Was there a conflict between Jawahar Lal Nehru and Dr. Rajendra Prasad?
Yes, there was conflict between Dr. Rajendra Prasad and Pandit Nehru. Nehru never wanted Dr. Prasad as the first President of independent India. He wanted C. Rajgopalachari or as informally called “Rajaji”, the last Governor General of India as the first President of independent India.
“Sardar Vallabhbhai has nothing to do with whatever I wrote. I wrote that based on my estimates. Vallabhbhai don’t know anything about this.”
The above quote is from the letter written by Pandit Nehru to Dr. Prasad. But for you to understand the context of the above quote, here is a brief backstory.
Nehru was so desperate to make Rajaji as the President that he chose to deceive Dr. Prasad. He wrote a letter to Dr. Prasad stating that both Sardar Patel and he has concurred that Rajaji should be the President thinking that hearing this Dr. Prasad might withdraw himself from the “candidature”. Dr. Prasad wrote a letter back to Nehru stating that he is a senior member in the party and hence should be treated fairly. What Nehru did not expect was that Dr. Prasad would send a copy of the letter to Sardar Patel as well. The above quote came in response to the counter letter from Dr. Prasad.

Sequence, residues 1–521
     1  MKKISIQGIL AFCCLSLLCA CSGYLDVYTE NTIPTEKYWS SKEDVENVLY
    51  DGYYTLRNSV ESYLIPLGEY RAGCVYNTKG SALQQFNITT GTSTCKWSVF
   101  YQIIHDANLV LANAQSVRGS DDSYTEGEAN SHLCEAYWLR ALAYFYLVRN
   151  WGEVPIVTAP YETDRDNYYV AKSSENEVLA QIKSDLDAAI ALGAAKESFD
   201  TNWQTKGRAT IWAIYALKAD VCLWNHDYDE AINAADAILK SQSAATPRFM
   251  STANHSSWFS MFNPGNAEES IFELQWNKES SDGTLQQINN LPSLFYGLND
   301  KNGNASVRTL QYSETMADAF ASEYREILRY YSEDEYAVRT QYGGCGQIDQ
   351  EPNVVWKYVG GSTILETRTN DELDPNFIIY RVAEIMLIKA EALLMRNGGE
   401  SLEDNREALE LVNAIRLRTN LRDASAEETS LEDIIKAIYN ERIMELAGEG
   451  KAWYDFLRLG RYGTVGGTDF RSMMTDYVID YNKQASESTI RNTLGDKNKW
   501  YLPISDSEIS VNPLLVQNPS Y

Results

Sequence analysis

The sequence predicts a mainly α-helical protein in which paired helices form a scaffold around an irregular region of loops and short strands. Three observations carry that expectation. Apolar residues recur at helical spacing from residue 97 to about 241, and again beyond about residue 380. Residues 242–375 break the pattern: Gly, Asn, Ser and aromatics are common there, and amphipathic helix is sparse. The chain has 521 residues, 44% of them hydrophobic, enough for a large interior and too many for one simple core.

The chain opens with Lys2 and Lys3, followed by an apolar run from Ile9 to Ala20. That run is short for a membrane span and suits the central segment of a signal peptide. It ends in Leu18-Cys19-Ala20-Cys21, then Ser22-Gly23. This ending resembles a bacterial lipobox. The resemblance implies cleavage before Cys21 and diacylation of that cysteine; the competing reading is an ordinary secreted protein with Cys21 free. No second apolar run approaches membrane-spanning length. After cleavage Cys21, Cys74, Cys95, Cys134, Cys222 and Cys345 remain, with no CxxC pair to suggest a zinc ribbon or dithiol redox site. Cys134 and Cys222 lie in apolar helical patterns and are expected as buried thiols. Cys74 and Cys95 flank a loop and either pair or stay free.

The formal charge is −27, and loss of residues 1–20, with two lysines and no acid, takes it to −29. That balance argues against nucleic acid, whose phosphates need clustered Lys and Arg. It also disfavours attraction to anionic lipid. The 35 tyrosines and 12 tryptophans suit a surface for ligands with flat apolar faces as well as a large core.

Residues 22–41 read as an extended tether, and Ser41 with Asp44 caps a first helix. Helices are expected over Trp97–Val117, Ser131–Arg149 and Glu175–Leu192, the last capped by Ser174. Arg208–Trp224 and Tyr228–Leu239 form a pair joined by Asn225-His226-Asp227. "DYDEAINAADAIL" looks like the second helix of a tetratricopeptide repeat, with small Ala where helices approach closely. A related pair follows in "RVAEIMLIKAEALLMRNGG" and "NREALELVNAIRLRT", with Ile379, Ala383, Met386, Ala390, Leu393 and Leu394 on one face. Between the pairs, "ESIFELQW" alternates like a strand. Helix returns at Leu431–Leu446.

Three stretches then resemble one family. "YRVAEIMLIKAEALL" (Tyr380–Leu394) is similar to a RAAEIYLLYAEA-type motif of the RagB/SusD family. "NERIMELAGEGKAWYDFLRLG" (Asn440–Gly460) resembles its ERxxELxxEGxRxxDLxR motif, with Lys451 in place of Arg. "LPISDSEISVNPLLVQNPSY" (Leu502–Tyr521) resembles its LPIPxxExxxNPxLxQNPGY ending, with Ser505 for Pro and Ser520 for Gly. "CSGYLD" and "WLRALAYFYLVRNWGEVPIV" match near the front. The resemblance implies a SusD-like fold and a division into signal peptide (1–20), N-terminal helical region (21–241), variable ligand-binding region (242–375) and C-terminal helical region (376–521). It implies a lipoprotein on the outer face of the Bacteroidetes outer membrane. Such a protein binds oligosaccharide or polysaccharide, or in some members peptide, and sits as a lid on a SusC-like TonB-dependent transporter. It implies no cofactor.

Nehru wrote a letter to Prasad on September 10, 1949, informing him that he spoke to Sardar Patel about the new president and that Rajaji’s appointment for the post was decided.
Rajendra Prasad was furious with this idea of Sardar Patel. The next day he wrote a counter letter to Nehru in which he told Nehru that he should be treated fairly given his status in the party, he also sent a copy of this letter to Sardar Patel.
Why Nehru did not want Dr. Prasad as the President?